Jupiter has been playing statues all month, contemplating his navel in preparation for the big turnaround this week. The Jupiter-inside-of-us is preparing to turn around too. Some of us have already felt it. A big sigh of relief. Jupiter’s direct station tells us it’s time to leave behind the fevered inner questioning that’s been bedevilling us since October. Jupiter invites us now to open the window and look outside to a future full of adventures. Jupiter says it’s time to BREATHE. Anticipation is back in style. Things really start to pick up speed in March/April, but as of tomorrow, it’s officially Game On for Jupiter direct! Long journeys begin with but a single step – forward.

Following today’s infusion of Solar juju, the Moon, in Her Dark Maiden of the Wild Things (new moon) phase, immediately sails into an uncertain sea. That is to say, She becomes void-of-course, has no more aspects to perfect in the sign in which the new cycle is born. No more engagements dictate the course of her day. Nothing is certain. Her jam-packed appointment book dissolves and is reborn as the enigmatic whispers of the Dreamtime.

It’s anybody’s guess what happens next.  Nothing, it seems, is fixed. According to the Sabian Symbols interpretation of the image symbolizing this New Moon, there will be a defeat of some kind, but never fear, for the image is elaborated to explain that, “Apparent defeat … spells real spiritual victory.”

Another image associated with the degree of this New Moon, in the Kozminsky system, is said to denote “one whose power is directed to the uplifting and advancement of his race.” Kozminsky goes on to say that this degree “is a symbol of Renewing.”  When we weave together these two images, we are led to the impression that the first New Moon of 2013 is a harbinger of apparent failures which are in fact spiritual victories which will renew the strength of an ancient race.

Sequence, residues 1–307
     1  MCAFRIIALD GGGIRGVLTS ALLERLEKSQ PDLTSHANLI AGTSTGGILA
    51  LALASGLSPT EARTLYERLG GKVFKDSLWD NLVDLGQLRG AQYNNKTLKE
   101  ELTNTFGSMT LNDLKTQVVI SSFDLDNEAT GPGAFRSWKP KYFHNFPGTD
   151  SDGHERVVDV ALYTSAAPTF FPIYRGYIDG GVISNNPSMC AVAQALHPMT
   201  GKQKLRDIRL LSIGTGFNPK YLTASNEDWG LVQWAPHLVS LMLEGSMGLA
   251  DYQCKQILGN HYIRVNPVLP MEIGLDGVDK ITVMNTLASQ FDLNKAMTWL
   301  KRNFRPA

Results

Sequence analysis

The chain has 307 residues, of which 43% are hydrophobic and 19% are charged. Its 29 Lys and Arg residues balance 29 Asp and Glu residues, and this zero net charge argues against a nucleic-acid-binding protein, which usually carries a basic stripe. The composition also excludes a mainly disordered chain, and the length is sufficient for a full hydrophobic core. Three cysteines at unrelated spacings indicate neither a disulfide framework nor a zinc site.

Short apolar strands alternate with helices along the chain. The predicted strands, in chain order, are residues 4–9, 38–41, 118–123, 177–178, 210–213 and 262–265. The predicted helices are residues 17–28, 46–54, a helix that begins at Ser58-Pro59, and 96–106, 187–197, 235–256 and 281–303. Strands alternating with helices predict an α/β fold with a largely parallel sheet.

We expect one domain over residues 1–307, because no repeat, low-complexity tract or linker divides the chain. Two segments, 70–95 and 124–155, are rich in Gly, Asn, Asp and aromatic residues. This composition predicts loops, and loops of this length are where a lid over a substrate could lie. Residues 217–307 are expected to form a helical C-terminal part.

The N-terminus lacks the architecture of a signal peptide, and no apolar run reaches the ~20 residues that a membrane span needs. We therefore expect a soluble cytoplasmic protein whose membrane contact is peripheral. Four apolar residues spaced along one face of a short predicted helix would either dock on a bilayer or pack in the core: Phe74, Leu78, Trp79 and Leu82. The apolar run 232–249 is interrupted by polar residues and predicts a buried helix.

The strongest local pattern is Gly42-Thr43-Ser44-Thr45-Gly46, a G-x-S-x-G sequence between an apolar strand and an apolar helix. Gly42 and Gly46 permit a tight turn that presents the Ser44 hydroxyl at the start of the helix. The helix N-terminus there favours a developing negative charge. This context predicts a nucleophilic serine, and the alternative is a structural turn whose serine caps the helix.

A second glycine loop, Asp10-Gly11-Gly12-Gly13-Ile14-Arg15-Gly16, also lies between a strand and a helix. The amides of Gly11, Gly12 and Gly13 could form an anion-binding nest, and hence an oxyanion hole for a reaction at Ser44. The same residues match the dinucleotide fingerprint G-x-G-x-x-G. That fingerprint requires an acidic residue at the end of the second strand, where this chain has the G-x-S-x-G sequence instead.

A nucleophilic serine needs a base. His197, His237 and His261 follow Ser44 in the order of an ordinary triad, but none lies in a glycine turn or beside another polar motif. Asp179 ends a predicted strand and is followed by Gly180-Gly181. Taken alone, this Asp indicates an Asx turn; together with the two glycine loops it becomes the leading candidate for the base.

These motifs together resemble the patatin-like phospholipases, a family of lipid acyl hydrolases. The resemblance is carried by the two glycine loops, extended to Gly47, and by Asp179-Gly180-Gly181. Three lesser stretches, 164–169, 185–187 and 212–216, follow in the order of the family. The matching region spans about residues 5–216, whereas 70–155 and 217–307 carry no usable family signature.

Deborah Houlding's Horary Certificate Course 2006

Planets affect us through resonance and correspondence. The constellation of qualities particular to each planet can be found in a host of related earthly phenomena. For instance, Saturn is associated with ancient ruins because everything old, traditional or historical resonates with Saturn’s nature. 

Many things are mixtures of planetary influence but usually one attribute will stick out and it is the planet most strongly associated with that attribute (eg, old = Saturn; gold = Sun) which is said to “rule” that object, process, creature or event. 

Astrology subscribes to the “everything is interconnected” worldview which dominated Western thought until the end of the 17th Century, when so-called “Natural Philosophy” stripped creation of its sentience and nature of its living web of interdependence. It took modern physics to rediscover the web of interconnection. We are all – humans, animals, plants and angels – interconnected. What affects one, affects all. 

It is a profound democracy.